One of the most powerful premises in NLP and Neuro-Semantics is that our limitations are not real. That when a person feels limited, the limitation is an inside job. From the beginning, NLP has said that people are primarily limited by their maps, not by their reality. If a person is limited or feels limited, that limitation is almost always a function of some mental map that he or she is carrying around. As a result, this means that limitations are about as real as you believe they are real.

Now is that shocking? Surprising? Unbelievable? Well, let’s test it. A good way to test this is to look around at those individuals who have or had many of the same external conditions to deal with and yet who did not let those conditions limit them. Same conditions, yet no limitations. Now let’s make it really personal. What limits you? Make a list of whatever you think are things that are limitations in your life. Now you can begin to explore or wonder if anyone else on this planet has ever had a similar limitation to what you have and yet did not let it limit them.

In NLP this premise arises from the fact that we do not operate on the territory as we move through life or through the world, we operate only on our map of the territory. Some people develop a map that “learning is hard,” that “I’m just not a good learner,” that “learning is boring.” With that mental map you can guess with pretty good odds how they will then relate to the experience of learning. That mental map generates a limiting belief and a limiting understanding. Then living long enough from those
limitations, one would also develop more-a limiting identity, limiting
metaphors, limiting perceptions, etc.

So here is a transformative question to consider:

What if all of your limitations were limitations, not in the world, but in your maps of the world? If you take this on for a day, how would you re-envision your life experiences?

It seems that there are so many conditions of life that most of us are so very quick to label a limitation. Whether it is lack of money, lack of caring parents, lack of schooling, the misfortune of being mugged, raped, imprisoned, etc. there are others who have experienced a similar condition and who did not let it limit them. They refused to map an external challenge as a personal limitation. It could have been a devastating prison experience such that Viktor Frankl experienced in a Hitler Concentration camp. It could have been a more regular prison like Nelson Mandela. It could have been a rape such as Oprah experienced, or deaf and blindness, or
whatever. But the conditions were not mapped as a personal limitation. And so they were not.

What does this mean? It does not mean that “we create reality.” That’s far too big of a jump of logic. An over-generalization like that is unfounded. We do not create reality, but we do create our sense of reality. That is, we create how we experience life and the quality of our life.

It is in this sense that our meaning-making operates as such a creative power in our lives. This brings us back to the magic and wonder and power of language. It brings us back to the neuro-linguistic effects of languaging or mental mapping in our lives. Precisely because meaning is not given, you and I, as meaning-makers have the power to invent what a thing, event, or condition is to ourselves. And as we do, we then endow it with various degrees and qualities of significance.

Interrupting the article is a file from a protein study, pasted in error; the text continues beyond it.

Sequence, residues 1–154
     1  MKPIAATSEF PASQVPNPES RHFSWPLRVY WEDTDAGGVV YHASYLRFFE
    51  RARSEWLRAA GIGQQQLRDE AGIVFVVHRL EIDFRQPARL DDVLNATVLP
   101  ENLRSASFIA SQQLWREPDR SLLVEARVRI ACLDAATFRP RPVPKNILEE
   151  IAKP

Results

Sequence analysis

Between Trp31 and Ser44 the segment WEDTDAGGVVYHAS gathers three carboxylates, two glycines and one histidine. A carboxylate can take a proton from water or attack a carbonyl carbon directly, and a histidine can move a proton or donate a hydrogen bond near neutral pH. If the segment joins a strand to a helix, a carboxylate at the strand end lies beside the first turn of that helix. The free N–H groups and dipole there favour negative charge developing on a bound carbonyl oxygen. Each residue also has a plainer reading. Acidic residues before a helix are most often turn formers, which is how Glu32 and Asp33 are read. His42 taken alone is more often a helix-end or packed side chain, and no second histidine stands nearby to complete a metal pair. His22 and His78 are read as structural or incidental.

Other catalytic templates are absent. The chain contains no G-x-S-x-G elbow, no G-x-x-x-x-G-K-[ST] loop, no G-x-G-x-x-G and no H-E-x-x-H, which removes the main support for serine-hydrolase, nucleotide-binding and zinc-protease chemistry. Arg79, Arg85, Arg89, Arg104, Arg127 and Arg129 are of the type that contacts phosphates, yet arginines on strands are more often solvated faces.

You and I can over-load things with too much meaning- meanings that it cannot bear. This is the source of addictions. We can just as well under-load things so that it is not meaningful enough for us so we end up feeling bored. And we can create distorted meanings which then generates distorted relationships to things thereby messing up how to think or feel or handle something. This explains why, in Neuro-Semantics, we begin almost everything by examining the ecology of the meanings that we attribute to

Does it work for you?

Does it empower you as a person?

Does it enhance your life?

Does it serve your overall well-being?

Does it unleash your best potentials for being your very best?

While meaning is not inherently given, we live in a social world where others who have come before us have created meanings, meanings that we inherit by virtue of being born in that society. But the meanings given may not be serving us well in the long run. The meanings may, in fact, create all sorts of distortions and dysfunctions and undermine our well-being. So we begin by checking out the meanings attributed. And that puts us in a
position of choice whereby we can change things. We can change our sense of reality by asking,

What would be the very best meaning that I could invent and give to this or that experience? The very best meaning so that instead of experiencing something as a personal limitation, I frame it as simply something to be dealt with?

This is the foundation of all personal, social, and organizational

L. Michael Hall, Ph.D.

Neuro-Semantics Executive Director

Neuro-Semantics International